Industrial: Let’s Give ‘Em Something to Talk About
U.S. and Atlanta Market Update Q3 2016
While Q3 performance alone may not be anything to brag about for the industrial market, it remains the golden child for investors. Industrial has the most favorable outlook among all sectors, due to an ever-evolving e-commerce industry. And Atlanta – in particular, is giving us something to talk about.
Nationally, a total of 475 buildings delivered to the market in the quarter totaling 81,565,685 SF, with 234,403,350 SF still under construction at the end of Q3, according to CoStar.
“Once again, every metro posted positive rent growth for the quarter, although some outperformed others,” said economist Barbara Byrne Denham in REIS’ Q3 2016 Industrial First Glance report. The average quoted asking rental rate for available Industrial space was $6.01 per SF at the end of Q3, reported CoStar. This is a 1.3% increase from the end of Q2.
For Warehouse/Distribution overall, vacancy held steady and net absorption was 14.7 million SF in Q3, down from 21.8 million SF in Q2.While new construction has slowed (13.4 million SF in Q3 down from 19.6 million SF in Q2), 52% of the new construction was concentrated in five metros: Chicago (2.2 million SF), San Bernardino/Riverside (1.5 million SF), Atlanta (1.4 million SF), Houston (1.0 million SF) and Denver (740,000 SF). Among that 30% was preleased. In addition to 1.4 million SF of new warehouse/distribution construction, Atlanta also was one of the top 4 metros to experience the strongest decline in vacancy, along with Columbus, Orange County and Dallas.
For Flex/R&D, vacancy is down to 11.4%, down 20 basis points from Q2 and 90 basis points year-over-year. New construction in the quarter was 366,000, the lowest quarterly level since Q1 2014. Net absorption “held steady” at 3.9 million SF in Q3, said REIS.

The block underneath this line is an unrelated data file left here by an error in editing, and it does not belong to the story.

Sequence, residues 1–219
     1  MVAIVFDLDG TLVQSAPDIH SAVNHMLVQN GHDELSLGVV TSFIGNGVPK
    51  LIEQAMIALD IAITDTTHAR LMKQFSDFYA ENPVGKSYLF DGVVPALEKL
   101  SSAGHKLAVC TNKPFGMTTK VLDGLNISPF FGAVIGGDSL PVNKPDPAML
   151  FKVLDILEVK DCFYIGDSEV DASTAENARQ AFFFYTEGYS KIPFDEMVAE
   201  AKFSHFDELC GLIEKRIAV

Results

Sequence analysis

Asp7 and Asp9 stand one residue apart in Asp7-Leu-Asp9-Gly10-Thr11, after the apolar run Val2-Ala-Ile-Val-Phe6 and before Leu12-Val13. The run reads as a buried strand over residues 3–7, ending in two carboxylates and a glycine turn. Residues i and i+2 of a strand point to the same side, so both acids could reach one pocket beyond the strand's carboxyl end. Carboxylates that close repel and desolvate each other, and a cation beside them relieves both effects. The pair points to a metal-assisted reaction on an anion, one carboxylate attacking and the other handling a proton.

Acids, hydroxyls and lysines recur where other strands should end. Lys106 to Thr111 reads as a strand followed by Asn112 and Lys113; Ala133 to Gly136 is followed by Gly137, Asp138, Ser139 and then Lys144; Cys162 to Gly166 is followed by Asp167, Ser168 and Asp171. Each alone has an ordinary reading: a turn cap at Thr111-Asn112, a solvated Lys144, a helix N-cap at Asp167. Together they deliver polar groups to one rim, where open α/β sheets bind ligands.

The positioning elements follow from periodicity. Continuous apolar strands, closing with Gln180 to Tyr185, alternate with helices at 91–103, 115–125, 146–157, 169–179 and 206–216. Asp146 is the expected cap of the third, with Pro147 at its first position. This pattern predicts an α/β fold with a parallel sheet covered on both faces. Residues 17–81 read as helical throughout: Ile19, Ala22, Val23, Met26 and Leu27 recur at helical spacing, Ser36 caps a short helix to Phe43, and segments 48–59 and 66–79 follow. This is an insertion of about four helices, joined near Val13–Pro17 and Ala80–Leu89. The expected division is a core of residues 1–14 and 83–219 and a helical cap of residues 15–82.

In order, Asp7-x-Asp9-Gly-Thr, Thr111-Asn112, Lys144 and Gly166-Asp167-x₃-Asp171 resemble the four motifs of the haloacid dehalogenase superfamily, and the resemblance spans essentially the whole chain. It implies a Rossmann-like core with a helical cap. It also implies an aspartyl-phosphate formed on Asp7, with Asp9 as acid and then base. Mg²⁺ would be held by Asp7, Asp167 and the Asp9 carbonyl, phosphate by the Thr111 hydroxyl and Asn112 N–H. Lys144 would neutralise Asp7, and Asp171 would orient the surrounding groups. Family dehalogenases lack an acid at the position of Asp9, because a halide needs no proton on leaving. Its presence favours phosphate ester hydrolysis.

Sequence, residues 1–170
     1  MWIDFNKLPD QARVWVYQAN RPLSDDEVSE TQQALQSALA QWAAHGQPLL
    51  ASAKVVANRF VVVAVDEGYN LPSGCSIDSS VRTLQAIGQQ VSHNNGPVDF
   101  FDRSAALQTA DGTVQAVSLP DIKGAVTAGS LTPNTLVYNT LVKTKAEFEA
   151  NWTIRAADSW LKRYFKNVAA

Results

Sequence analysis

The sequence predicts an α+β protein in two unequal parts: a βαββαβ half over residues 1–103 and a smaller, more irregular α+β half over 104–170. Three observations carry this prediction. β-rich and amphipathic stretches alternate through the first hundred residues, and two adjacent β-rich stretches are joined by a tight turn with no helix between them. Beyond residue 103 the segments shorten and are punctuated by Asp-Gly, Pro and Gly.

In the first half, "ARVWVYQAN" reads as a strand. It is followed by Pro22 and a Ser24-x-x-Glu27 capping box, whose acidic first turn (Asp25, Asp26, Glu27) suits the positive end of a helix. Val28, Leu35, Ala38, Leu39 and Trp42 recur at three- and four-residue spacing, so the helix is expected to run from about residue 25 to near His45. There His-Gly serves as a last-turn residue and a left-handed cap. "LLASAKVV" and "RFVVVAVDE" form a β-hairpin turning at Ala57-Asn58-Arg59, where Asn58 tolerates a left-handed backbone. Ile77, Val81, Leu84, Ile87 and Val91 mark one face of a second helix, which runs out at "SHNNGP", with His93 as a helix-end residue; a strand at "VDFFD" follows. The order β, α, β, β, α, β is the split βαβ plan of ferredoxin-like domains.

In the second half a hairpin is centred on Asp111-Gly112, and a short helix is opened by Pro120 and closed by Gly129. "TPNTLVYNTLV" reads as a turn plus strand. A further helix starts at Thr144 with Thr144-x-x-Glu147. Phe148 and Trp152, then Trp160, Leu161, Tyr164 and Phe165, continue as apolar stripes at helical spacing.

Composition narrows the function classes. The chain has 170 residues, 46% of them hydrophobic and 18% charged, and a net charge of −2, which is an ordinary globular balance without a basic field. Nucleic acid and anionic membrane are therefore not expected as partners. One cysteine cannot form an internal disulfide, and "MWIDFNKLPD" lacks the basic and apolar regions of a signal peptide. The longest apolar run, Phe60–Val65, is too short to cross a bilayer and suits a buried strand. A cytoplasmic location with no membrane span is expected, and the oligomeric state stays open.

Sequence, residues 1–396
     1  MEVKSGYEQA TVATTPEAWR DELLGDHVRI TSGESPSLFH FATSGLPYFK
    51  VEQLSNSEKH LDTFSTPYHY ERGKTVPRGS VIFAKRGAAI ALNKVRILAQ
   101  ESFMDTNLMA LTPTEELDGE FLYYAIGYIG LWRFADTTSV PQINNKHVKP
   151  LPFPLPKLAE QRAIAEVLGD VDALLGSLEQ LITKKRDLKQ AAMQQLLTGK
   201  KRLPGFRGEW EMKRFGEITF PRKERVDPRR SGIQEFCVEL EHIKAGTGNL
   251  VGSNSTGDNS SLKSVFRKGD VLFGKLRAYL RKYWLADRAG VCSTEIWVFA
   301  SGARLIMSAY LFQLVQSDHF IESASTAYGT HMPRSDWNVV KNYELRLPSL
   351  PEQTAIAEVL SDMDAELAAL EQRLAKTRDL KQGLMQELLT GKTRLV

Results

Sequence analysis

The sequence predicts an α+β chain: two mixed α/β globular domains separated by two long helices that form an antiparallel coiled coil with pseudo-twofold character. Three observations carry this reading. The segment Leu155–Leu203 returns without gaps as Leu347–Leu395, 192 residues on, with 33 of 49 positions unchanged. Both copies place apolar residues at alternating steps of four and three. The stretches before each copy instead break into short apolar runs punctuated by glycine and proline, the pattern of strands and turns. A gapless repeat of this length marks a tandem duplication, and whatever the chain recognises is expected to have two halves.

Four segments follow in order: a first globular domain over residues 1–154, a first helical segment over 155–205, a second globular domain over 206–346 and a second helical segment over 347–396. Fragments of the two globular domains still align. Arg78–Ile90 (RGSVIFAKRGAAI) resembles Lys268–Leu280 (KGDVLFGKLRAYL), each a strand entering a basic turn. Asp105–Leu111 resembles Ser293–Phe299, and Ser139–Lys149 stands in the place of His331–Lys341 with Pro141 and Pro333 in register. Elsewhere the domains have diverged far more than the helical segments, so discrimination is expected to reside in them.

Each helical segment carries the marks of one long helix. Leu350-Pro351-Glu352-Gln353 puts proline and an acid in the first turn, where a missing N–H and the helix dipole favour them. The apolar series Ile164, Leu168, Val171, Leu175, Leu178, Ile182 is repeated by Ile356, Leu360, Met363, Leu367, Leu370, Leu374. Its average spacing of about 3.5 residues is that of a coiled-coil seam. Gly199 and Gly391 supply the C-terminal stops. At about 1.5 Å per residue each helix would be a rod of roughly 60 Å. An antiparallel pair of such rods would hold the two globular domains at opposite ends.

“The conflicting trends in the two industrial types demonstrate once again that tenants’ demand for Flex/R&D space has not abated, yet developers have been less eager to build smaller buildings, opting for larger warehouse space instead,” said Denham.
The stage is set for success in the industrial sector when it comes to economic indicators. In fact, the warehousing and storage sector is the fastest growing industry in the U.S. National employment growth in this sector has grown by 3.8% in 2016 after growing by 8.4% in 2015. “This is significant and is indicative of future demand for warehousing space going forward,” reported REIS.Also, Amazon recently announced plans to open 20 grocery stores over the next two years, reported Business Insider. REIS notes that this should also increase demand for warehouse and distribution space.
Other positive data related to industrial demand includes: Aggregate trade numbers (goods exports plus imports) increased to an average of $308 billion from June through August, up from an average of just under $300 billion in the prior three months. The Institute for Supply Management’s purchasing managers’ index (PMI) climbed to 51.5 in September. “Any index above 50 indicates that economic activity in the manufacturing sector expanded,” per REIS.
The U.S. Census Bureau recently reported that advance estimates of U.S. retail and food services sales for September, adjusted for seasonal variation and holiday and trading-day differences, but not for price changes, were $459.8 billion, 2.7 % above September 2015.
REIS’ forecast hasn’t changed since Q2: “…the slow but steady rate of growth should continue going forward as most metros continue to see demand growth for industrial space. With limited new construction in most markets, vacancy should hold steady and continue to decline for Flex/R&D.” Rent growth is also expected to stay low unless economic indicators accelerate.
Spotlight on Atlanta
“Atlanta is one of a number of global markets where surging demand from e-commerce underpins a healthy demand environment for logistics real estate, according to Kent Mason, senior vice president/market officer for Prologis,” reported The Atlanta Business Chronicle.
‘“Demand for space is outpacing supply, and the result is higher rent and fewer concessions,” said Mason. “We expect positive market trends to continue through 2017.”’
There were 15,272,904 square feet of Industrial space under construction at the end of Q3, including the two largest projects: Majestic Airport Center IV - Building A, a 1,042,000 SF facility, and Baxter Plant, a 1,000,000 SF facility.
Nationally and locally, the industrial sector is the favorite and continues to give us plenty to talk about.
Bull Realty, Inc., Research